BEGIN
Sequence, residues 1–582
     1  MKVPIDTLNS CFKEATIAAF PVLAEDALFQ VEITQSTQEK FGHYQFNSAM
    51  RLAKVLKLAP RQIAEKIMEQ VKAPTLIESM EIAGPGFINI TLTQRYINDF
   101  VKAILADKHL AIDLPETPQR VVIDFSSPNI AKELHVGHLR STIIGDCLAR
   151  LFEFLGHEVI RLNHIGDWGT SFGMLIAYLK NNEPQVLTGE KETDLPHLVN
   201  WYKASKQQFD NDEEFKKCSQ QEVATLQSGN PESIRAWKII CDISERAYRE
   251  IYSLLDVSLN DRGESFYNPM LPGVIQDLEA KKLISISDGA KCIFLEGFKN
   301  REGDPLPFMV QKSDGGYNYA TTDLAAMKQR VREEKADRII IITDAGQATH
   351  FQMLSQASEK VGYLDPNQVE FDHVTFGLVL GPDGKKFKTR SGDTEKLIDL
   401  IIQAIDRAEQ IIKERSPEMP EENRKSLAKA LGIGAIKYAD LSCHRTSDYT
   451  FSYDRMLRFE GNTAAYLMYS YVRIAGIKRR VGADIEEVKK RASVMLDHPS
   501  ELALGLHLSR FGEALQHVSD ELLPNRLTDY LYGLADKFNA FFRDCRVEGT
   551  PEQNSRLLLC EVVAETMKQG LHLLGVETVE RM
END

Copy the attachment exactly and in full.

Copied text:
Sequence, residues 1–582
     1  MKVPIDTLNS CFKEATIAAF PVLAEDALFQ VEITQSTQEK FGHYQFNSAM
    51  RLAKVLKLAP RQIAEKIMEQ VKAPTLIESM EIAGPGFINI TLTQRYINDF
   101  VKAILADKHL AIDLPETPQR VVIDFSSPNI AKELHVGHLR STIIGDCLAR
   151  LFEFLGHEVI RLNHIGDWGT SFGMLIAYLK NNEPQVLTGE KETDLPHLVN
   201  WYKASKQQFD NDEEFKKCSQ QEVATLQSGN PESIRAWKII CDISERAYRE
   251  IYSLLDVSLN DRGESFYNPM LPGVIQDLEA KKLISISDGA KCIFLEGFKN
   301  REGDPLPFMV QKSDGGYNYA TTDLAAMKQR VREEKADRII IITDAGQATH
   351  FQMLSQASEK VGYLDPNQVE FDHVTFGLVL GPDGKKFKTR SGDTEKLIDL
   401  IIQAIDRAEQ IIKERSPEMP EENRKSLAKA LGIGAIKYAD LSCHRTSDYT
   451  FSYDRMLRFE GNTAAYLMYS YVRIAGIKRR VGADIEEVKK RASVMLDHPS
   501  ELALGLHLSR FGEALQHVSD ELLPNRLTDY LYGLADKFNA FFRDCRVEGT
   551  PEQNSRLLLC EVVAETMKQG LHLLGVETVE RM